OF THE STATE OF CONNECTICUT
|In the Matter of a Complaint by||FINAL DECISION|
David Critchell and
|against||Docket #FIC 2001-530|
Corporation Counsel, City of
|Respondent||June 26, 2002|
The above-captioned matter was heard as a contested case on February 28, 2002, at which time the complainants and the respondent appeared, and presented testimony, exhibits and argument on the complaint. For the purposes of hearing, this matter was consolidated with Docket #FIC 2001-529, Edward Smith and Torrington Firefighters, Local 1567, against Corporation Counsel, City of Torrington.
After consideration of the entire record, the following facts are found and conclusions of law are reached:
1. The respondent is a public agency within the meaning of §1-200(1), G.S.
2. It is found that by letter dated October 24, 2001, the complainant requested that the respondent provide them with a copy of the settlement agreement between Timothy Schapp, a City of Torrington, CT firefighter and the City of Torrington (hereinafter “settlement agreement”). The settlement agreement stemmed from a federal lawsuit filed by Mr. Schapp against the City of Torrington (hereinafter “City”).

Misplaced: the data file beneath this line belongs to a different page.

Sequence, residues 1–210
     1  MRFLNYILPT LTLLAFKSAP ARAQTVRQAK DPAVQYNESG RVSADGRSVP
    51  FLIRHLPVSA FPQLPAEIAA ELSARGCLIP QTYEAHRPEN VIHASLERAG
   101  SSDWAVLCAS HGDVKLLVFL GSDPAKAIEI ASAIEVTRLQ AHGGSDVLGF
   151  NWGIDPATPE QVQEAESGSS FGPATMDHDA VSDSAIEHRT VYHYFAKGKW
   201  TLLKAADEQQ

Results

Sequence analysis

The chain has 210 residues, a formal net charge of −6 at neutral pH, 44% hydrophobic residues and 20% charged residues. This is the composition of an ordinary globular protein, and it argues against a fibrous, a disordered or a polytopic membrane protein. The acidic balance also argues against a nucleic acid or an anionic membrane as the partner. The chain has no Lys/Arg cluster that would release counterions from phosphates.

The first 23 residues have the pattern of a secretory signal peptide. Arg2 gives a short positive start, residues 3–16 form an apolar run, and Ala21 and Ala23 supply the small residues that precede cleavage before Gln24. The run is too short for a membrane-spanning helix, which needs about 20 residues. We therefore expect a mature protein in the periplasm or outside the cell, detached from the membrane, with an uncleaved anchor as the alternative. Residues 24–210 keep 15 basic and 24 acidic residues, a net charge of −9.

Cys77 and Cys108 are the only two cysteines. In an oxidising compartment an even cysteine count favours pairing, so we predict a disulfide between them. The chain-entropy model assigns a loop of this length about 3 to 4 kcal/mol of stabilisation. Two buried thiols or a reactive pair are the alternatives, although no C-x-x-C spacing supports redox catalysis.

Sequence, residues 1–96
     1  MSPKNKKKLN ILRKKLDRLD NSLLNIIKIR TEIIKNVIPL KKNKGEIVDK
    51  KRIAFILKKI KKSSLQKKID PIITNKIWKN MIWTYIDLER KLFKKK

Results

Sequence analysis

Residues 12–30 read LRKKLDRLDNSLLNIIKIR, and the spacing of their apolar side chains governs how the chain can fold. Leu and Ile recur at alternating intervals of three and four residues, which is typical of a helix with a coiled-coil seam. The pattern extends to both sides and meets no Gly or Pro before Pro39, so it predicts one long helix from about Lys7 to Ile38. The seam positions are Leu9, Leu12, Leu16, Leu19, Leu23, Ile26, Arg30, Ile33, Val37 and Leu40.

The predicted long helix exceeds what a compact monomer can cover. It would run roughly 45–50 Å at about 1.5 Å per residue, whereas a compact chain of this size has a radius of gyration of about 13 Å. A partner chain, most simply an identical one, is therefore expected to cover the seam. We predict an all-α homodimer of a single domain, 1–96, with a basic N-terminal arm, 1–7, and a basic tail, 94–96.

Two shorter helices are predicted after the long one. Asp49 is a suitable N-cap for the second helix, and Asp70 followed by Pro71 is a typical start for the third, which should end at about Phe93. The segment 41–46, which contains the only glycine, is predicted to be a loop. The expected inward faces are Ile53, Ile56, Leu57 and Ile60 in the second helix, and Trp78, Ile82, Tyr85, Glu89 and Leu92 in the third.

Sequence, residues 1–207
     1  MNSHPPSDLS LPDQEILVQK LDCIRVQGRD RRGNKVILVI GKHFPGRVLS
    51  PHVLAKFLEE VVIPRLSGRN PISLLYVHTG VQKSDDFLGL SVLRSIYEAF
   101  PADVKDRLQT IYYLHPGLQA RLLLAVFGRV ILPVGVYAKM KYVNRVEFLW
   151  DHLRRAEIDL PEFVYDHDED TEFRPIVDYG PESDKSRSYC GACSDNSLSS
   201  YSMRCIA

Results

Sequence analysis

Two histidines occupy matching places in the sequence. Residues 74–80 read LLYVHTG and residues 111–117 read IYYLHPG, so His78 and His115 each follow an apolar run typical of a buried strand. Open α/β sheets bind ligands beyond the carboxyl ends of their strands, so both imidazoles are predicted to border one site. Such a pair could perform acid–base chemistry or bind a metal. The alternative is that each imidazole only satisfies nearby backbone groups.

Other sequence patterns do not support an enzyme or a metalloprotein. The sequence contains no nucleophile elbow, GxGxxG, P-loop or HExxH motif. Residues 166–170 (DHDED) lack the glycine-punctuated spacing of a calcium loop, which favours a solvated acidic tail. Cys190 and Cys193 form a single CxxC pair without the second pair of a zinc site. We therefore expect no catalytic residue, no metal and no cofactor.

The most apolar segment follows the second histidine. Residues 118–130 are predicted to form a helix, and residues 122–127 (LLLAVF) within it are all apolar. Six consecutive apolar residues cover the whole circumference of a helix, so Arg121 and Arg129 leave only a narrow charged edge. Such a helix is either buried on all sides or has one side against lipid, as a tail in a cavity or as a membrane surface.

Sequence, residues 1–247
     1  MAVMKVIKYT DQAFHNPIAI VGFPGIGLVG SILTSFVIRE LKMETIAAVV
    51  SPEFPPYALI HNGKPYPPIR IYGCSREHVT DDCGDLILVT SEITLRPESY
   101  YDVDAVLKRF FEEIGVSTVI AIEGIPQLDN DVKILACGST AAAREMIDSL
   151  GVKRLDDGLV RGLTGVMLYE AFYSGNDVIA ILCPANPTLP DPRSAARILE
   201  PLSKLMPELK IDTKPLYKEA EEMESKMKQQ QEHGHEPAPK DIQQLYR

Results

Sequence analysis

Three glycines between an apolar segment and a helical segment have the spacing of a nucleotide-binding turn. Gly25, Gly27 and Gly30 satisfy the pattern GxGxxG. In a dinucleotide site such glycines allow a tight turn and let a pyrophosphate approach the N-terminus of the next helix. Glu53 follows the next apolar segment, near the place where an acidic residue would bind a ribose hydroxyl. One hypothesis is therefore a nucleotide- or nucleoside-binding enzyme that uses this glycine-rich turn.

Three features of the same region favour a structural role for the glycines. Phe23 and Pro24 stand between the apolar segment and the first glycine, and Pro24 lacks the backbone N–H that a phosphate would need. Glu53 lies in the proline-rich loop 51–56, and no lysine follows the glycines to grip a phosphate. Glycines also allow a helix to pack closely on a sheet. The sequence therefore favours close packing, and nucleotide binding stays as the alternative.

3. It is found that by letter dated October 29, 2001, the respondent denied the complainants’ request for a copy of the settlement agreement. The letter stated: “The records will not be disclosed as the agreement in question was to settle a personal dispute between the parties and its release would constitute an invasion of personal privacy and is not a matter of legitimate public concern. The City reserves its right to assert any other defenses to the release of this document.”
4. Having failed to receive a copy of the requested record, the complainant, by letter dated and filed November 29, 2001, appealed to the Commission alleging that the respondent had violated the Freedom of Information (hereinafter “FOI”) Act and requesting a hearing.
5. It is found that by letter dated January 4, 2002, the respondent informed Mr. Schapp that the City had received two requests for copies of the settlement agreement and that pursuant to the agreement and applicable state statutes, the City had refused to release it. The respondent further stated that complaints had been filed with the FOI Commission, that those complaints were scheduled to be heard in the near future and that he would notify him of the date of the hearing as he had the right to attend and be heard at said hearing.
6. It is further found that by letter dated February 4, 2002, the respondent notified Mr. Schapp that the two complaints had been scheduled to be heard on Thursday, February 28, 2002, at 2:30 p.m. and again informed him that he had the right to attend the hearing and be heard if he so desired.